In Memory of Micah Naftalin
It all began in the autumn of ’86 after the annual meeting in Washington. We were restaffing the Washington office. We brought on Scott Cohen to act as temporary director. I had worked with him when he was chief staff person for the Senate Foreign Relations committee under its chairman, Chuck Percy, from Illinois. In fall Scott helped me begin the search for a permanent director. Those of you who were around then remember directors revolving in and out the office in those days. After all we were a tough group with an enormous challenge and our best resource were our activists, all council chairmen themselves, who made up UCSJ’s board.
Our “wish-list” made the director’s role impossible for anyone to fill. We wanted someone strong, but not too independent; a powerfully strategic thinker, someone who would be able to articulate and sell our program to the highest levels, who really wanted to build the identity of UCSJ, not his own resume; someone who had our world outlook, who believed in the power of the grassroots and what we were fighting for and someone who could work with our board, handle the direct mail campaign, instigate a development program, manage the budget and fiduciary responsibilities, represent us on the Hill, State Department, and White House where he would forge and foster important relationships, who could write and oversee our publications, organize our national meetings and conferences, and handle the media so we could get our story out into the press…..and, oh, by the way, did I mention we didn’t have much money for salary?
I’ll spare you the line-up of smooth, smart looking, overly-confident-bordering-on-grossly arrogant people who came through. It was months of meeting people who had either peaked in their twenties or who were looking for a springboard to something greater. We didn’t see UCSJ as a springboard to anything other than free emigration for Soviet Jews.
Scott was at his desk in our D.C. office. At the doorway appeared a man, a big man in blue rumpled shirt with lots of notes in his shirt pocket, an open warm smile, kind eyes, and maybe a little spot on his tie. He kind of eased back in the chair next to me, he might have taken out a cigarette, peered out over his glasses, and we just started talking. He had been working with Eli Wiesel on the Holocaust Council, had previously practiced law, done some work for a Congressman, and was ready for change. He was at ease, thoughtful, funny, clearly smart and when I described what we did, just seemed to “get it.” I explained that UCSJ, though it had to run as one, was less an “organization”, more a strike force, like Peter Bergson’s committee. Was he familiar with the committee that tried to save Jews during the holocaust but was sabotaged by the establishment? When he told us his mother’s involvement with Bergson…. it was almost a “done deal.” One last question: Could he handle the strong personalities on our board? He quipped, “You kidding? You ever worked with holocaust survivors?”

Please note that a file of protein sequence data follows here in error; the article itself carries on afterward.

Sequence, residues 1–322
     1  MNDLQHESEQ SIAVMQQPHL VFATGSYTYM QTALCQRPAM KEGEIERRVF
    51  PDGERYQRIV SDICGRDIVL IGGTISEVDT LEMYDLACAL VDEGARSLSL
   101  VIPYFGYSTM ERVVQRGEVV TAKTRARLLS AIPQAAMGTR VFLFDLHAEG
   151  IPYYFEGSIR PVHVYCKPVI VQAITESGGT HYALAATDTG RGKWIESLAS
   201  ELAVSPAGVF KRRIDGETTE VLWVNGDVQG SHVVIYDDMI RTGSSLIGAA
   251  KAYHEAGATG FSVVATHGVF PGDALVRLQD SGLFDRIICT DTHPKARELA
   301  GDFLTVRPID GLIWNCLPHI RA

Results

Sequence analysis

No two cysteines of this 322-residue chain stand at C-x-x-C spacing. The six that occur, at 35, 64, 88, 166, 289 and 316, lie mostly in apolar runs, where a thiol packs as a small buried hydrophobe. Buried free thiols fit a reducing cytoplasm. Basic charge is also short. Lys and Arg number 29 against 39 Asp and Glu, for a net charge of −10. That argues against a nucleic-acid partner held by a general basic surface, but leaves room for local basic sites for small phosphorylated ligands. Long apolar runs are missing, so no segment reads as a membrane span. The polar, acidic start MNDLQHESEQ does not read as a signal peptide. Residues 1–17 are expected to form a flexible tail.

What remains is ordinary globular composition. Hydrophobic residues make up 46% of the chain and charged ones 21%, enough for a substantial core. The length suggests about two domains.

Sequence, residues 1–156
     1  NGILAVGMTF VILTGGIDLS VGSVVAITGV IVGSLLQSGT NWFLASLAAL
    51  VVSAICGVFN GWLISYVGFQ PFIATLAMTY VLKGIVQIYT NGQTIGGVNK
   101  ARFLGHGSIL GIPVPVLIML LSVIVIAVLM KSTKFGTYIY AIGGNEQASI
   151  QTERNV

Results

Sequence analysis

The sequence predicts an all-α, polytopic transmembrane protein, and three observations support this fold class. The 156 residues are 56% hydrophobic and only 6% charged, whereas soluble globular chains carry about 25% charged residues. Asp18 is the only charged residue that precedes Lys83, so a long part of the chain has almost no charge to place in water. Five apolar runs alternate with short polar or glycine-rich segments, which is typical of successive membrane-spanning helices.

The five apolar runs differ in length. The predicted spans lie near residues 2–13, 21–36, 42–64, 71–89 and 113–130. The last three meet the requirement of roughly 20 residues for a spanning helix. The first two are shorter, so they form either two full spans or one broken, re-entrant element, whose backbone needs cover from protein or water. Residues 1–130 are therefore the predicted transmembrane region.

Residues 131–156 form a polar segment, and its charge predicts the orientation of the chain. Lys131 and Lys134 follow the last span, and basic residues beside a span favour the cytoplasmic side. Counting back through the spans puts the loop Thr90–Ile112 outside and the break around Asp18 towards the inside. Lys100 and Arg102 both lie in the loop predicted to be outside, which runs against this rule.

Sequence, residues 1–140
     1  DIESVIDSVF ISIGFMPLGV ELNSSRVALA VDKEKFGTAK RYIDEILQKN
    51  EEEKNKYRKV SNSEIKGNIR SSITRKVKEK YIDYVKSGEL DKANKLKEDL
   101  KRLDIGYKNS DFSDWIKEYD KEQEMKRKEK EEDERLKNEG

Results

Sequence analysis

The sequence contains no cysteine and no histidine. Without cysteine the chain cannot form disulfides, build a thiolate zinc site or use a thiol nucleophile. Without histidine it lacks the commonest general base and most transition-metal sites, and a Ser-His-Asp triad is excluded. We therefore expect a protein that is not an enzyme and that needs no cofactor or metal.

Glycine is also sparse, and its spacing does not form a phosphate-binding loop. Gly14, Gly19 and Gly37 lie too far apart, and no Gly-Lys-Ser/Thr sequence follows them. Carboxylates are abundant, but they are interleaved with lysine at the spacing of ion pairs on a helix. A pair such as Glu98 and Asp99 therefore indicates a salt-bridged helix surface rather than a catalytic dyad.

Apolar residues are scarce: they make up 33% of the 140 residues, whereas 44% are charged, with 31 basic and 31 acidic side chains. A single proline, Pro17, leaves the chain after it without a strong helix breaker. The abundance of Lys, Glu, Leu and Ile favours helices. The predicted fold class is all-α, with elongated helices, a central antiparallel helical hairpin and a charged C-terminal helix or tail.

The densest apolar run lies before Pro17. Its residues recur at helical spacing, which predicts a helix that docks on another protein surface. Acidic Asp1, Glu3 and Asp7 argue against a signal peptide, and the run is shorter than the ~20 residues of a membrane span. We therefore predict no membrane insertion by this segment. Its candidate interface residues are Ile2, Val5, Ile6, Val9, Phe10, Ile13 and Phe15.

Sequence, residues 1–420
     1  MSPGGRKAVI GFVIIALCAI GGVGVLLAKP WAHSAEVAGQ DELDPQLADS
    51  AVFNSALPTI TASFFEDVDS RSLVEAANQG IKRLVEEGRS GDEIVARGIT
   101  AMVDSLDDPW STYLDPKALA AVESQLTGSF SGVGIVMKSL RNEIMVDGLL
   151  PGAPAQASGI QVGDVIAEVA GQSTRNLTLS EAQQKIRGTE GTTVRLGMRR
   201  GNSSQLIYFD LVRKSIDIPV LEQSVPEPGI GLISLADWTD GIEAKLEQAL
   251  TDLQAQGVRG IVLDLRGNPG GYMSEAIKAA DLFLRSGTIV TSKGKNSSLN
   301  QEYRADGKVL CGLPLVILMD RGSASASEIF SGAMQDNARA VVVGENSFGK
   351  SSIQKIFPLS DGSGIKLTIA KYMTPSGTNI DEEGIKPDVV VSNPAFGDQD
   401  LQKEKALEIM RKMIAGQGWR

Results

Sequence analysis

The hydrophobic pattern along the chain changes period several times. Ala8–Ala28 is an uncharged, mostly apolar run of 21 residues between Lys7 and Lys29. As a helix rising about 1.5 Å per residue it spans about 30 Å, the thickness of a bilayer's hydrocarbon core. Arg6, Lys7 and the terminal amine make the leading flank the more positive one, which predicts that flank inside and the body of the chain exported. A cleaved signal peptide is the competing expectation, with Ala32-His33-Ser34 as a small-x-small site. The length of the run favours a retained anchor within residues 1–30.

Micah. In truth, he was everything the movement needed him to be and what we all needed him to be. He was undefeatable. He traveled to Vienna for a CSCE meeting immediately after his mother’s shiva. He traveled to Russia though weakened by chemotherapy. He was a consummate listener who grasped the core of complex issues and formulated strategies to deal with them. Remember the Russian loan guarantees?
He was a superb advocate and consummate negotiator. In the worst of situations, he negotiated, patiently picking his way, point by point until he managed to turn things around. In ’89, hours before he was to leave for Moscow for the UCSJ “annual” meeting, the Soviets at the Washington Embassy called him in. They were closing down the meeting and none of our 83 delegates were going to be let into the USSR. It was over. Micah pulled it off. He assured them we would remove the word “annual” on all publicity and materials and we were off.
Micah always “pulled it off.” It was never too late, he was never too busy, he always found the time, energy, resources to do whatever was needed to mount a response to the crises that perpetually took place in the USSR. Nothing was ever too hard.
He touched and changed the lives of hundreds if not thousands of people who are now here, in Israel, and throughout the former USSR . I write in an avalanche of memories of what he did and what he accomplished, the people he helped, the lifelines he created. He fought for prisoners-of-conscience, Refuseniks, the right to leave a country and to return, the right to identity, and continually against the ominous currents of anti-Semitism and fascism in the former Soviet territory.
He forged organizational relations and built coalitions.
And through it all, he was optimistic and undefeatable, superbly undefeatable, like a big sturdy engine that just steadily keeps rolling down the track, never disappointing people waiting at the station.
Perhaps that’s what makes this all so very hard.
Micah Naftalin: May your memory be a blessing for all of Israel just as your life was.